“Don’t call me that,” she said. She just felt tired and defeated. He stood there, hand still outstretched and looking miserable, with alcohol dripping from his hair and into his eyes. For a very brief moment she felt herself softening.
“I know that I’ve been an utter bastard,” he admitted.
His admission strengthened her resolve.
“I’m sorry . . . ?”
“Is that a question? Or an actual apology?”
He hesitated briefly and she rolled her eyes. “Get back to me when you know for sure.” She swept from the room, and Bryce stared at the door for a long time after she’d left.
Now that this whole divorce thing was becoming a palpable fact, he admitted to himself that he wasn’t quite so willing to roll over and give her everything that she asked for. He wanted his wife and child but he was a broken man, both physically and emotionally, and it hardly seemed fair to saddle her with his innumerable problems after everything that he had already put her through. Yet he knew that without her he’d go back to being the empty husk he’d been after she’d left. He sighed and corrected the thought, after he’d driven her away. Two years ago he had been careless with the most precious thing in his world and had lost it as a result. He wished that there were some way to regain her trust and reconcile with her, but in his heart he didn’t think he deserved that much anymore.
“You still with us, Bronwyn?” Bronwyn blinked when a slender hand was waved in front of her face and she saw that the four other women sitting at the restaurant table were staring at her expectantly. They had been discussing Theresa’s marriage renewal ceremony, which was coming up later in the year. The other women were excitedly exchanging ideas for the event.
“Sorry, I missed that,” she muttered, and Alice snorted.
“You’ve missed large chunks of the conversation from what I could tell,” the other woman said with raised eyebrows. “What’s going on with you? You checked out of this conversation before it even started.”
“I’m divorcing Bryce,” Bronwyn told them after taking a fortifying sip of alcohol. It had been a difficult week. She and Bryce had barely spoken since Monday even though he had tried to approach her on numerous occasions. She’d spent her time actively avoiding him and felt like a rank coward because of it.
“Seriously?” Lisa looked stunned by the information, and the other women were all staring at her sympathetically.
“Yes. I’ve spoken to a lawyer.”
“But I thought things were getting better.” Lisa looked devastated by the information, and Bronwyn sighed quietly before shaking her head.
“No, the plan has always been to get a divorce. We’re living together because it’s convenient right now and less stressful for Kayla, but as soon as I graduate and find a job I’m leaving.”
“But that will take years.” Theresa unknowingly echoed the words Bronwyn had spoken to Bryce when he’d first suggested his house-sharing idea to her.
“Yes and it does bother me. I really don’t want to take advantage of Bryce’s generosity . . .”
“Oh bullcrap,” Theresa cut her off with what for her was uncharacteristically strong language. “You’re the mother of his child and you spent the first year and a half of Kayla’s life struggling to take care of her at the cost of your own health. So don’t you dare feel bad about accepting the aid that you’re entitled to receive from the father of your child. It’s the very least he can do.” The other women stared at Theresa in surprise, and she looked a little uncomfortable before shrugging. “It’s something I feel strongly about.” Bronwyn smiled before nodding her agreement.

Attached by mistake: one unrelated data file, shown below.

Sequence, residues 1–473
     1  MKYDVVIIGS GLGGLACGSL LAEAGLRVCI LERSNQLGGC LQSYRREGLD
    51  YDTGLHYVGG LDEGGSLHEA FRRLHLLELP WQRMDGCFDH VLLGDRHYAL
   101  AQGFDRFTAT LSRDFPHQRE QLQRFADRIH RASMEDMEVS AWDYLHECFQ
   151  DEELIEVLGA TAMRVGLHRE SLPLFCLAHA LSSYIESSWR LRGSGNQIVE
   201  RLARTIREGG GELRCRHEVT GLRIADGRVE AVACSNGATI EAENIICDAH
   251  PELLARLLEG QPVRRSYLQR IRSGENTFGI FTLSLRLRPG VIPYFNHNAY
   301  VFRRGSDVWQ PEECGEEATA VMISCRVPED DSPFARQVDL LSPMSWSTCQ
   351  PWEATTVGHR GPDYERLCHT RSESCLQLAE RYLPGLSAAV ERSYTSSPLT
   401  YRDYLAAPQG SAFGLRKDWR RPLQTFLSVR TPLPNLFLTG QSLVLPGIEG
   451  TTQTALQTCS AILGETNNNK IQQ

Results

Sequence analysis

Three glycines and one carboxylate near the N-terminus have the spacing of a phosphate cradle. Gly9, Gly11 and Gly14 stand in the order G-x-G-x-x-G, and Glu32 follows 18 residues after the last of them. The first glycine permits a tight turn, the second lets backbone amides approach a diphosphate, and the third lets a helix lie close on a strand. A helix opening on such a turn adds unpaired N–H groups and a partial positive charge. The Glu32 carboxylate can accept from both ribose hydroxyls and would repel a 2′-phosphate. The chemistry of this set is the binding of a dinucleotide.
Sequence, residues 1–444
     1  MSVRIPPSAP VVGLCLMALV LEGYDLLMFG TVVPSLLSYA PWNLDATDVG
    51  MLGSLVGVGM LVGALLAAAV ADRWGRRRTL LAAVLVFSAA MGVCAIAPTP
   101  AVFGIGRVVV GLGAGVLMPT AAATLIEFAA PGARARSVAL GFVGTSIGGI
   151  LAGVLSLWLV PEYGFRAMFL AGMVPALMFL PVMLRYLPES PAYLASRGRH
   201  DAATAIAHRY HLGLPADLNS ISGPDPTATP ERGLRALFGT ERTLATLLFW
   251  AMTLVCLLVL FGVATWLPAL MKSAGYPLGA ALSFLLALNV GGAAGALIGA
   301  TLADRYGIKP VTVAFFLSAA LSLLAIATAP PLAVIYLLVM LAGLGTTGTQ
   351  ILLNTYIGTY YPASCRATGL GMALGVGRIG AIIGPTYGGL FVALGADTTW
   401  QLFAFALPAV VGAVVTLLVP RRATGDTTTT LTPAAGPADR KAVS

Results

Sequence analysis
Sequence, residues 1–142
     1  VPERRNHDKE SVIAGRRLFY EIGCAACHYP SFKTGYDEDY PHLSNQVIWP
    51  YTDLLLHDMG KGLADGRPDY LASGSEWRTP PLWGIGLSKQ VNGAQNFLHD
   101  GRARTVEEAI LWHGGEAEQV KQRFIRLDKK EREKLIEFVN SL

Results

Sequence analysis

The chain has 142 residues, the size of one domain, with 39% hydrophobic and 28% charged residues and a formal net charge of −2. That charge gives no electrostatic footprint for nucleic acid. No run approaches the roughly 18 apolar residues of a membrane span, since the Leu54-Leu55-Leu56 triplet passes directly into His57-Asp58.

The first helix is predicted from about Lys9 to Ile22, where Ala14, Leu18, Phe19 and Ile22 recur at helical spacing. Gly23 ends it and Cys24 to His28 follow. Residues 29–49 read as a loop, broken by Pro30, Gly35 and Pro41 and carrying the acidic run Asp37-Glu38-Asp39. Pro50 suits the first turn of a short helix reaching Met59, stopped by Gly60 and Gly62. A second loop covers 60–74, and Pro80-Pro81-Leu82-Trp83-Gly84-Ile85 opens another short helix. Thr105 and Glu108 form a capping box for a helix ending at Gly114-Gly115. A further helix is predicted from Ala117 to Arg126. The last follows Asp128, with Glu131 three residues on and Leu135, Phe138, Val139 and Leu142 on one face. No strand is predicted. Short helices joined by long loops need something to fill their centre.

“You’re right, Theresa, but Bryce has suffered too. He missed the first year and a half of Kayla’s life, and he had that accident while following me and we all know how that ended.”
“All things that could have been avoided if he’d acted less like an arse after he discovered that you were pregnant,” Lisa pointed out reasonably.
“Yes, what married man reacts like that to the news that he’s going to be a father, anyway?” Alice added her two cents worth. “I like Bryce but seriously, that was a jerk move.”
“I think that everything will seem a lot less complicated after a couple of drinks,” Roberta Richmond, who had joined their group for the first time that night, suggested with a decisive nod. She wasn’t quite up to speed on the Bronwyn and Bryce situation, but she showed her solidarity by ordering a round of drinks—even though she kept herself restricted to nonalcoholic cocktails. The woman, at twenty-six, was a couple of years younger than Bronwyn and was a friend of Theresa’s. Apparently they had met at some football thing that Sandro, Theresa’s husband, attended regularly. The tomboyish young woman was now the only single, childless member of their group. Theresa had informed them before inviting Bobbi—as she preferred to be called—that the other woman had very few female friends. Bronwyn liked her positive energy. She was a good addition to their little group.
They spent the rest of the day tossing back cocktails, and, in an effort to cheer her up, the other women started offering Bronwyn all kinds of increasingly bawdy advice on how she could bounce back from her divorce. One of them suggested Bronwyn hook up with a male stripper, which actually made very little sense, but they weren’t very sensible by that point.
“I guarantee a male stripper would know what to do between the sheets.” Lisa nodded knowingly.